in `uroot`

package) can be used in this case to formally test the hypothesis similar to the one in KPSS test.

Only after making sure that the data is stationary, we can move to the analysis of the Autocorrelation and Partial Autocorrelation functions.

### 8.3.2 Autocorrelation function (ACF)

In the core of the Box-Jenkins approach, lies the idea of autocorrelation and partial autocorrelation functions. **Autocorrelation** is the correlation (see Section **??**) of a variable with itself from a different period of time. Here is an example of autocorrelation coefficient for lag 1:
\[\begin{equation}
\rho(1) = \frac{\sigma_{y_t,y_{t-1}}}{\sigma_{y_t}\sigma_{y_{t-1}}} = \frac{\sigma_{y_t,y_{t-1}}}{\sigma_{y_t}^2},
\tag{8.56}
\end{equation}\]
where \(\rho(1)\) is the “true” autocorrelation coefficient, \(\sigma_{y_t,y_{t-1}}\) is the covariance between \(y_t\) and \(y_{t-1}\), while \(\sigma_{y_t}\) and \(\sigma_{y_{t-1}}\) are the “true” standard deviations of \(y_t\) and \(y_{t-1}\). Note that \(\sigma_{y_t}=\sigma_{y_{t-1}}\), because we are talking about one and the same variable, thus the simpler formula on the right hand side of (8.56). As you see, the formula (8.56) corresponds to the classical correlation coefficient, so the interpretation of this is the same as for the classical one: the value of \(\rho(1)\) shows the closeness of the lagged relation to linear. If it is close to one, then this means that variable has a strong linear relation with itself on the previous observation. It obviously does not tell you anything about the causality, just shows a technical relation between variables, even if in the real life it is spurious.

Using the formula (8.56), we can calculate the autocorrelation coefficients for other lags as well, just substituting \(y_{t-1}\) with \(y_{t-2}\), \(y_{t-3}\), \(\dots\), \(y_{t-\tau}\) etc. In a way, \(\rho(\tau)\) can be considered as a function of a lag \(\tau\), which is in fact called “Autocorrelation function” (ACF). If we know the order of ARIMA process we deal with, then we can plot the values of ACF on y-axis, by changing the \(\tau\) on x-axis. In fact, Box and Jenkins (1976) discuss different theoretical functions for several special cases of ARIMA, which we do not plan to fully repeat here. But, for example, they show that if you deal with AR(1) process, then the \(\rho(1)=\phi_1\), \(\rho(2)=\phi_1^2\) etc. This can be seen on the example of \(\rho(1)\) by calculating the covariance: \[\begin{equation} \sigma_{y_t,y_{t-1}} = \mathrm{cov}(y_t,y_{t-1}) = \mathrm{cov}(\phi_1 y_{t-1} + \epsilon_t, y_{t-1}) = \mathrm{cov}(\phi_1 y_{t-1}, y_{t-1}) = \phi_1 \sigma_{y_t}^2 , \tag{8.57} \end{equation}\] which when inserted in (8.56) leads to \(\rho(1)=\phi_1\). The ACF for AR(1) with a positive \(\phi_1\) will have the following shape (on the example of \(\phi_1=0.9\)):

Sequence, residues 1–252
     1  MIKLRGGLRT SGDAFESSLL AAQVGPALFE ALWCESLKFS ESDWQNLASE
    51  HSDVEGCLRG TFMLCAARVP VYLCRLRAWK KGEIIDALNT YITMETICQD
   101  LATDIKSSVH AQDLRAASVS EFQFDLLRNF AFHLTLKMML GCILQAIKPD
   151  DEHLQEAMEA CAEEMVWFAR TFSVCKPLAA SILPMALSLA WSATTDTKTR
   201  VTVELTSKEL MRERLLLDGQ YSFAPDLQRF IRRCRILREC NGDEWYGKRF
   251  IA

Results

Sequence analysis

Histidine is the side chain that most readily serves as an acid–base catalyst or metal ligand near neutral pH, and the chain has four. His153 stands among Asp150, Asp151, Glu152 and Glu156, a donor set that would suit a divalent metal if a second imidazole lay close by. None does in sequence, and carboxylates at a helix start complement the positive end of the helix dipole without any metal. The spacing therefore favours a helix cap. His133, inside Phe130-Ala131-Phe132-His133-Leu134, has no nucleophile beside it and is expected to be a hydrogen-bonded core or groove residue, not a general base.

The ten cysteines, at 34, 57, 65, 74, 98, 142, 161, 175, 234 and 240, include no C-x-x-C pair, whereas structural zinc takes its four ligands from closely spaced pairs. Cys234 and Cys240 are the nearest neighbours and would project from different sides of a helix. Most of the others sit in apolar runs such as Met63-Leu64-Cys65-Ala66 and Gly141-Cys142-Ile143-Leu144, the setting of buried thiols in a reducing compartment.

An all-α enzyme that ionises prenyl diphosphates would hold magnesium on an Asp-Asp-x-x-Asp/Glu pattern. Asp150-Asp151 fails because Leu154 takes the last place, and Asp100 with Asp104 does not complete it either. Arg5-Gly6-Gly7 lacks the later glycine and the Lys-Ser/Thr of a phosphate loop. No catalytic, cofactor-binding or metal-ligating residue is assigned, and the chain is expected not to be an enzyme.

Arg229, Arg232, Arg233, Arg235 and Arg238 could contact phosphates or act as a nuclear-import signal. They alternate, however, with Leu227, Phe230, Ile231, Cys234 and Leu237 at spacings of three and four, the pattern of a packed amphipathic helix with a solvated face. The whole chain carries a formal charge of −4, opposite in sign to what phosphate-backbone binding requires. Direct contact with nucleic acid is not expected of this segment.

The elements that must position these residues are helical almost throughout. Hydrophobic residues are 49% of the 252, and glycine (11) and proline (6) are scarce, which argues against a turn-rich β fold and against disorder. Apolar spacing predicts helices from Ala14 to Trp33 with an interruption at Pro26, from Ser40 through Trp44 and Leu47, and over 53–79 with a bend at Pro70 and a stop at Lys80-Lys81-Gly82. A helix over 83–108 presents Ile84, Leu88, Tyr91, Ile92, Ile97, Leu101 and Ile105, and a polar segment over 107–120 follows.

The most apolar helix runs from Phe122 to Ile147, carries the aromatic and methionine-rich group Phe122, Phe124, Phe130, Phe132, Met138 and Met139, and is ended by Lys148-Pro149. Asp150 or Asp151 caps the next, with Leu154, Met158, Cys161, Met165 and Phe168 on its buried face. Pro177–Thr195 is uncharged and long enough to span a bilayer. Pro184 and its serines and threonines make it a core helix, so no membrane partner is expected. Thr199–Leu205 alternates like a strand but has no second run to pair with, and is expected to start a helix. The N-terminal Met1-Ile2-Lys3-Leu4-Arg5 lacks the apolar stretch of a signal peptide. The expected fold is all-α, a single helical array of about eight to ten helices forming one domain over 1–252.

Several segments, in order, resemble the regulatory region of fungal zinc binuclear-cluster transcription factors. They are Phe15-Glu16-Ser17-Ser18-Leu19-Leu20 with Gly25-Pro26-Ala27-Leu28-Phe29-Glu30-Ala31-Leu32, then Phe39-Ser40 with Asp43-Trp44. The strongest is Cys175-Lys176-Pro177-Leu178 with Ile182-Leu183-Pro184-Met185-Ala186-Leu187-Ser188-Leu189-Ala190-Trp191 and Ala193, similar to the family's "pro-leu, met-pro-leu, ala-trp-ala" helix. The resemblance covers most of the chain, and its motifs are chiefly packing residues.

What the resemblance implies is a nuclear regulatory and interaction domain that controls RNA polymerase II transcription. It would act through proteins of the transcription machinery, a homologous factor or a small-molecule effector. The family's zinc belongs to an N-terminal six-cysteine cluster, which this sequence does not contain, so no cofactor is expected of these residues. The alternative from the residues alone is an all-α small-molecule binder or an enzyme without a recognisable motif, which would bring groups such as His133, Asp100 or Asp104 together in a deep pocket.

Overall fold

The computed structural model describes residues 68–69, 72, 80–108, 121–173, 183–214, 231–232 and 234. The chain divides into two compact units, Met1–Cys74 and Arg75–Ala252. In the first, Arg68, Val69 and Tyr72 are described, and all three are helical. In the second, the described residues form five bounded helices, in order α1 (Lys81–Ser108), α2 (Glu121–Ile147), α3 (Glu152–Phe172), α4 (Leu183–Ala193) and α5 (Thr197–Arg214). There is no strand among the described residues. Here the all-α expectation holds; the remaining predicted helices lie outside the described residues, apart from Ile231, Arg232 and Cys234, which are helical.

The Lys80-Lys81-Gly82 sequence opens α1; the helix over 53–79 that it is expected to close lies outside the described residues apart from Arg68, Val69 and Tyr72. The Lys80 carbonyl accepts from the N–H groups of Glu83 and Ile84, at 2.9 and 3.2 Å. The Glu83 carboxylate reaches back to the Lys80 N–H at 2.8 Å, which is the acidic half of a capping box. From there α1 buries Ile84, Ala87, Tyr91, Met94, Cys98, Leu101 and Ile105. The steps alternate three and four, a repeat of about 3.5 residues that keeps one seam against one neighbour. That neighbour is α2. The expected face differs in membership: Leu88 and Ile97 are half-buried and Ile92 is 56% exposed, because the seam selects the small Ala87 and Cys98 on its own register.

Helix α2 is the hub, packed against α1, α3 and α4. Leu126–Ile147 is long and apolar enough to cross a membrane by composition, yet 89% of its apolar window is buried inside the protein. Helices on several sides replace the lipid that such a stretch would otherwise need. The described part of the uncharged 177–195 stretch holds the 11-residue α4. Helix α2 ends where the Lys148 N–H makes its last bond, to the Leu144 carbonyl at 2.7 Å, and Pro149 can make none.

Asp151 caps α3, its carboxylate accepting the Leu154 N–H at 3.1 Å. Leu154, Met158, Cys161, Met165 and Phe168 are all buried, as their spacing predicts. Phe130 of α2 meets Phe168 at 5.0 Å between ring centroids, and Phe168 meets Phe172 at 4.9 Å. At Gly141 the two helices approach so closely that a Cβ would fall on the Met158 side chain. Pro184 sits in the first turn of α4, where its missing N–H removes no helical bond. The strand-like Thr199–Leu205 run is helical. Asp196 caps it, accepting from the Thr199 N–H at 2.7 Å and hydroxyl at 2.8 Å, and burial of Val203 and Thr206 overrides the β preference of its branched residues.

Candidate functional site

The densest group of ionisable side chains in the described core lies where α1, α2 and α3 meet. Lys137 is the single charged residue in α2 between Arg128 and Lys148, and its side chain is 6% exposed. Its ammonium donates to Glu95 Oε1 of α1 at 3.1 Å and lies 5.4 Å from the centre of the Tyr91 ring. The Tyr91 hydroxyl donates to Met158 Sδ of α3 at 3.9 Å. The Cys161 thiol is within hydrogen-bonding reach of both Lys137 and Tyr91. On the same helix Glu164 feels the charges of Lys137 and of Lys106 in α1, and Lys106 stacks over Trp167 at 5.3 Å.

Note that \(\rho(0)=1\) just because the value is correlated with itself in this case, so lag 0 is typically dropped as not being useful. The declining shape of the ACF tells us that if \(y_t\) is correlated with \(y_{t-1}\), then the correlation between \(y_{t-1}\) and \(y_{t-2}\) will be exactly the same, also implying that \(y_{t}\) is somehow correlated with \(y_{t-2}\), even if there is no true correlation between them. In fact, it is difficult to say anything for AR process based on ACF exactly because of this temporal relation of the variable with itself. On the other hand, ACF can be used to judge the order of MA(q) process. For example, if we consider MA(1), then the \(\rho(1)\) will depend on the following covariance: